Sam Altman struggling with 'strangely isolating' way of life after OpenAI fame

OpenAI CEO opens up about getting recognised in public after ChatGPT's phenomenal success

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Web Desk
Sam Altman having troulbe handling newly-found public spotlight. — Reuters/File

Sam Altman, the CEO of OpenAI, recently revealed that he was not prepared for getting recognised in public following the success of his company's generative AI chatbot ChatGPT, Business Insider reported.

The 39-year-old tech billionaire reflected on the privacy and anonymity that he has lost as a result of his job during an episode of the podcast "The Logan Bartlett Show" published last week.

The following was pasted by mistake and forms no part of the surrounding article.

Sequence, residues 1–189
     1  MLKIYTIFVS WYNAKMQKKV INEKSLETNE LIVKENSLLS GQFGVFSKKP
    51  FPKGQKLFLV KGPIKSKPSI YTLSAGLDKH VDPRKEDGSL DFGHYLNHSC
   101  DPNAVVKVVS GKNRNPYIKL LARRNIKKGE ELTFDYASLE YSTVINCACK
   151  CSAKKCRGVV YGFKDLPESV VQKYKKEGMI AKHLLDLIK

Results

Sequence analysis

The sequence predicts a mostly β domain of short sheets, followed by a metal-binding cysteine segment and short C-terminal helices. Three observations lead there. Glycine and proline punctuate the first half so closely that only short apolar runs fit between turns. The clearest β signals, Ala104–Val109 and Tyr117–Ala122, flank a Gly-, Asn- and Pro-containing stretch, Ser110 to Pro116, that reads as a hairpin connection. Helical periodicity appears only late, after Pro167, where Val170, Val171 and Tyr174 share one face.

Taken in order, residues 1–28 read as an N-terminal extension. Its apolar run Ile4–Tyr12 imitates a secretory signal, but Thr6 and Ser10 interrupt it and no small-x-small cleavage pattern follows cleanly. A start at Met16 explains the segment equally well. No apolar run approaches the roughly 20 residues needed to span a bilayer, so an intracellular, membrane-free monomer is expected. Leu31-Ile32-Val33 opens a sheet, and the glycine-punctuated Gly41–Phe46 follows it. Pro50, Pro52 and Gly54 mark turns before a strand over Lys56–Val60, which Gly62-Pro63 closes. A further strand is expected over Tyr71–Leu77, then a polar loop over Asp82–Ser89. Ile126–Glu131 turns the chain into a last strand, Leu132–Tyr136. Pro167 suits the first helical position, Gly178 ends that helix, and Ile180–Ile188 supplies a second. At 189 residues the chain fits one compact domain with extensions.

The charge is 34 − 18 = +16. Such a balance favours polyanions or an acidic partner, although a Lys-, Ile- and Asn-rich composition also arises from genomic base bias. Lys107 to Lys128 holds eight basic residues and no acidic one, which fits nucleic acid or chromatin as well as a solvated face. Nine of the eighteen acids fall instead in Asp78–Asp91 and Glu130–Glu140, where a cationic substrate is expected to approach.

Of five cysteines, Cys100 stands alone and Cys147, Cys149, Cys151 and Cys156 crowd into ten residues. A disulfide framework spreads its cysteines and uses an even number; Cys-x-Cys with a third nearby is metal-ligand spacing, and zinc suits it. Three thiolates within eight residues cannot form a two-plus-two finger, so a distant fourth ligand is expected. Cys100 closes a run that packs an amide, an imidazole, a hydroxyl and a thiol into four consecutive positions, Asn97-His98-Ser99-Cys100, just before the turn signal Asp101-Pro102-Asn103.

Altman said: "The inability to just be mostly anonymous in public is very, very strange. I think if I had thought about that at the time, I would've said, 'OK, this will be a weirder thing than it sounds like.' 

"But I didn't really think about it. It's like a much weirder thing. It's a strangely isolating way to live."

While he had realised the importance of AI and the importance of his tech firm in spreading awareness about how AI can change people's lives, he said "didn't think I would not be able to go out to dinner in my own city."

Despite OpenAI's major role in shining a spotlight on Altman, he was far from anonymous in Silicon Valley before. 

Before taking control of OpenAI in 2019, he was president of the startup accelerator Y Combinator for several years.

Later in the podcast episode, Altman discussed his dramatic ousting from OpenAI last year. He said he was living in an "adrenaline-charged state" and didn't eat or sleep much during that time.